Development of a Framework for Customer Relationship Management (CRM) in the Banking Industry

Article excerpt

Although Customer Relationship Management (CRM) is arguable the most important area of concern to enterprises in an era of electronic commerce (EC), few studies have explored it from an industry-specific perspective to develop usable action plans. The banking industry is one of the major beneficiaries of the 'explosion' in CRM across all sectors of the economy, but there is an absence of information and support for it in Taiwan. Embracing CRM requires changes in many aspects of enterprises. This paper employs a four-strategic framework; of contact channel management, enterprise-wide management, customer data management, and information technology management, in its review of what constitutes best practice in the leading banks in Taiwan with respect to CRM. It is argued that if Taiwan's banking industry adopts this framework it should be able to respond effectively to the various internal and external challenges identified in this study as well as to develop its own CRM initiatives.

1. Customer Relationships in the Banking Industry

The banking industry in the United States and Europe is at the forefront in responding to opportunities provided by the Internet. These responses are coming to fruition in the way they deal with customer-oriented challenges emanating from E-commerce. For instance, a study in the U.S. banking industry reported that those banks that develop a customer-oriented strategy in this area obtain higher profits (Lamparello, 2000). Other studies have shown that banks with 'good' CRM retain their substantial competitiveness in the market place (Gandy, 2000; Melnick, Nayyar, Pinedo, & Seshadri, 2000). Although domestic banks in Taiwan are now grappling with some of the issues involved, they do not yet face worldwide competition. Because of this and the lack of sophisticated applications and professional support in the area, their adoption of CRM is progressing at a slower pace than that of foreign banks (NICI, 2004, p. 198; Liu, 2003).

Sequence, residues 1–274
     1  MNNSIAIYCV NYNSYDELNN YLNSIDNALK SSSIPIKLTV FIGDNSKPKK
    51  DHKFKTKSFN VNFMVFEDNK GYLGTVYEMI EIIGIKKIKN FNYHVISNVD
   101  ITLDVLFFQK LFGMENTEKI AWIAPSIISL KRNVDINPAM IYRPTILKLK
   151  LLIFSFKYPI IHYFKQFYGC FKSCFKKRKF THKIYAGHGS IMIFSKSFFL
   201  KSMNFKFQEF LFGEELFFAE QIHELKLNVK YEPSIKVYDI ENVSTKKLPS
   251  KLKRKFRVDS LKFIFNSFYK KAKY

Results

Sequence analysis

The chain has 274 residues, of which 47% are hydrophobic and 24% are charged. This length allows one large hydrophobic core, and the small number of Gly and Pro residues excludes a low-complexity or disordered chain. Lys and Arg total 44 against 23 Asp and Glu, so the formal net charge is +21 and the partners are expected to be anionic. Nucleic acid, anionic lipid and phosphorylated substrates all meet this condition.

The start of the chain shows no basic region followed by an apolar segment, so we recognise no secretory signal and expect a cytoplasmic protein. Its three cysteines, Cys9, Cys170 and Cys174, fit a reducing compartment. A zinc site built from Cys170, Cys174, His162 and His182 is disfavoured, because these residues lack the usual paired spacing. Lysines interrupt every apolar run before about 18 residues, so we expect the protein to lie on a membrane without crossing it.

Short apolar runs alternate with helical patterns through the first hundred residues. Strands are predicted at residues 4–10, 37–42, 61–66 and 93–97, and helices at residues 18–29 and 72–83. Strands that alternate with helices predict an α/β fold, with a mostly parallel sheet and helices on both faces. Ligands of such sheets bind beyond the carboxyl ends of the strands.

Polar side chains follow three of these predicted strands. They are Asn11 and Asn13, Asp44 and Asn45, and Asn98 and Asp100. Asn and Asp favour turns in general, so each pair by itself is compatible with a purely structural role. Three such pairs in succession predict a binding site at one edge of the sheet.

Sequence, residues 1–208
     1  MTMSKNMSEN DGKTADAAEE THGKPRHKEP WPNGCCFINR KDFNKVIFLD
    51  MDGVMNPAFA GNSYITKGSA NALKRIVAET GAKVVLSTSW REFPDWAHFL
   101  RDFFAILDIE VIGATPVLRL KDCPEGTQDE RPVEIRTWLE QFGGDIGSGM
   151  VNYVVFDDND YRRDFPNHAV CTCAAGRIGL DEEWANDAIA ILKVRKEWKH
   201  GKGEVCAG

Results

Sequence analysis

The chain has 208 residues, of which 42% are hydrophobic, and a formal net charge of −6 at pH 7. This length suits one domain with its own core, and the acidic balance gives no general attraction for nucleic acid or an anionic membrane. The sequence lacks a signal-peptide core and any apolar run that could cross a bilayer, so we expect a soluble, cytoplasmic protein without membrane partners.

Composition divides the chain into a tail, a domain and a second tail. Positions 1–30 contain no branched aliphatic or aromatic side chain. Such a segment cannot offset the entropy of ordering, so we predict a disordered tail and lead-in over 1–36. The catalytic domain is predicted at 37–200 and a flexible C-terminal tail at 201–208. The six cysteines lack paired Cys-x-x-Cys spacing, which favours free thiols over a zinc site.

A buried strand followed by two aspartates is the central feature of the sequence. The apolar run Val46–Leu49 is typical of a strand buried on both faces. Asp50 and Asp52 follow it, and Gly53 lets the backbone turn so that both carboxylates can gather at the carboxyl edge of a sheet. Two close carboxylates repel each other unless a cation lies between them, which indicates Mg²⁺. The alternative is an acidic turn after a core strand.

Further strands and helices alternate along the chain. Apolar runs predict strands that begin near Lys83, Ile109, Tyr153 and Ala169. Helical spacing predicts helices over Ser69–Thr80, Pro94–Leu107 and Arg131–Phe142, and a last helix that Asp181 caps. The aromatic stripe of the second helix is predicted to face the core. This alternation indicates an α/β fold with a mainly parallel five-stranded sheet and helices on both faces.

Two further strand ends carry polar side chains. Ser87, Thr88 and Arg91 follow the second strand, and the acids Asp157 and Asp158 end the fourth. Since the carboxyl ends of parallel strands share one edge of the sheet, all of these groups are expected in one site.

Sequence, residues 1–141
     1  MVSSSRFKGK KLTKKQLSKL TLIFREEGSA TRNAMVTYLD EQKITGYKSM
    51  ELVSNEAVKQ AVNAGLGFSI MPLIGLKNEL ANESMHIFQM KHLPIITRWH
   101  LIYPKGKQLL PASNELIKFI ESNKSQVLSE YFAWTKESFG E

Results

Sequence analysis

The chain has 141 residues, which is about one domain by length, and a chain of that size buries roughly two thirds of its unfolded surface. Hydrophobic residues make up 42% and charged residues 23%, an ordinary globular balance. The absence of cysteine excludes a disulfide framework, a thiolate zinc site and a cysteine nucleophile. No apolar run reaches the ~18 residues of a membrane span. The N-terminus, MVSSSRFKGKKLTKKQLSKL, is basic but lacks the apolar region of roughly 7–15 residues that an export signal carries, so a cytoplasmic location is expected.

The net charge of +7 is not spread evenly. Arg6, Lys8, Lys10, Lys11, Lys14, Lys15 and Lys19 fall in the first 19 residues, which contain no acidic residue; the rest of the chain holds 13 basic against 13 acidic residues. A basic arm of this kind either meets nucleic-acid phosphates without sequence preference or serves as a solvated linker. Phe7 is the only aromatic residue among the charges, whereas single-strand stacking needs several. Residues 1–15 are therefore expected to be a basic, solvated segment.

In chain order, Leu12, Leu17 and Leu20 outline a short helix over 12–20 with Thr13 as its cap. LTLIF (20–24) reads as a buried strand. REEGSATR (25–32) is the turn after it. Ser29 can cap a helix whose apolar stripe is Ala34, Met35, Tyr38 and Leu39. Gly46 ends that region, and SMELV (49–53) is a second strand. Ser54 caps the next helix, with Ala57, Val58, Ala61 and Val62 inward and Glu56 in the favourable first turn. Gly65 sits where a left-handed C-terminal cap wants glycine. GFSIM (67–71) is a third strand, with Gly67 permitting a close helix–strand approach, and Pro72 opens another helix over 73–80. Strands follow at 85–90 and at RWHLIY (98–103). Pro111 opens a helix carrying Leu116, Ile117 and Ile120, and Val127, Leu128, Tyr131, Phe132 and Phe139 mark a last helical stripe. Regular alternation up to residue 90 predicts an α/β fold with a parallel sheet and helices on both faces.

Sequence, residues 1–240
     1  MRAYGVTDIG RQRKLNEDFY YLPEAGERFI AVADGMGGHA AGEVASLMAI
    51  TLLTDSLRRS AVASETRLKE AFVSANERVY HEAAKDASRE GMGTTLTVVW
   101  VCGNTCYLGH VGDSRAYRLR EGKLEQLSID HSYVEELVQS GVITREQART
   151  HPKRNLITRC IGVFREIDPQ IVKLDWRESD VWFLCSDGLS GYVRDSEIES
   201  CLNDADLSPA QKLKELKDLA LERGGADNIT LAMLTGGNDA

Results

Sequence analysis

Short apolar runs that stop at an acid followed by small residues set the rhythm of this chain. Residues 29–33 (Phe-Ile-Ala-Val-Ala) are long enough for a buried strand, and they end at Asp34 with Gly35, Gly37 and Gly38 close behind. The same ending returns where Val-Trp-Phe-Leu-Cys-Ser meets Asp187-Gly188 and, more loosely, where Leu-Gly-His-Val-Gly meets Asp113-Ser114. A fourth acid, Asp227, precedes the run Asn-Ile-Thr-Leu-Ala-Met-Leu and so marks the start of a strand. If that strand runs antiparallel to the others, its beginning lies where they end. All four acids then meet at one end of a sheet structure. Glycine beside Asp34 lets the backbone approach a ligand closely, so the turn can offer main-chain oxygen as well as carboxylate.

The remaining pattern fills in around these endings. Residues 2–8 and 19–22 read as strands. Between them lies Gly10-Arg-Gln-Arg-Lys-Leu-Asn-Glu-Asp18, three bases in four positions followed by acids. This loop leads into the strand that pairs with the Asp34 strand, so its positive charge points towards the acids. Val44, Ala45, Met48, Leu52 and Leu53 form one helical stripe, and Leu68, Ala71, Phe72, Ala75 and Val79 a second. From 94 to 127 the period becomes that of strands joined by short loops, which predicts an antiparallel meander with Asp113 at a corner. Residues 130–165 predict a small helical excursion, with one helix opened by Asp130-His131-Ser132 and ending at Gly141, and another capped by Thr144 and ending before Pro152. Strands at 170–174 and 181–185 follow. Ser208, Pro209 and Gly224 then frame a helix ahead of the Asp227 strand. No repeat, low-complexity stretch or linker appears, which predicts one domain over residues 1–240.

The performance of Taiwan's banking industry was worse than before in 2002, with most banks having lower ROE and EPS than foreign banks. In 2003 and 2004 Taiwan's economic condition was better than in previous years, with foreign banks still doing better their Taiwanese rivals (TBIPR, 2004, 2005). It has been shown that the strength of foreign banks is in the extent of their front-office and back-office automation, in their integration, customer segmentation and service (Shive, 2005), all of which are activities that are related to CRM.

2. Exploiting Customer Relationship Management

Achieving 'customer intimacy' is an essential strategy in EC, with CRM being the key means of achieving this goal (Reynolds, 2002, p. 2; Tracy & Wiersma, 1997: chap. 8). The concept of CRM was derived from "contact management' in the 1980s, with its emphasis on collecting all possible information about customers when-at the time-customers come in contact with companies. Although there is no one widely accepted definition of CRM (Knox, Maklan, Peppard, & Ryals, 2003, p.l), for our purposes it can be regarded as the business strategies, processes and information technology that enable a company to optimize revenue and increase value through understanding and satisfying the individual customer's needs. Local, small-town stores provide a CRM-like service, anticipating the needs of customers based on their intimate knowledge of the customers' circumstances and preferences, and treating different customers in different ways. CRM is the driving force that enables the delineation of customers and an increase in the value attached to customers. If done correctly CRM enables enterprises to retain the loyalty of their customers. CRM is about more than simply managing customers and monitoring their behavior. It has the potential to change a customer's relationship with a company and increase revenue as well (Dyché, 2002, p. 4). In many industries, CRM is not only one of the most important applications of E-commerce but also the 'key driver' in the success of many enterprises (Badgett, Ballou, & LaValle, 2004; Bielski, 2000; Knox et al. …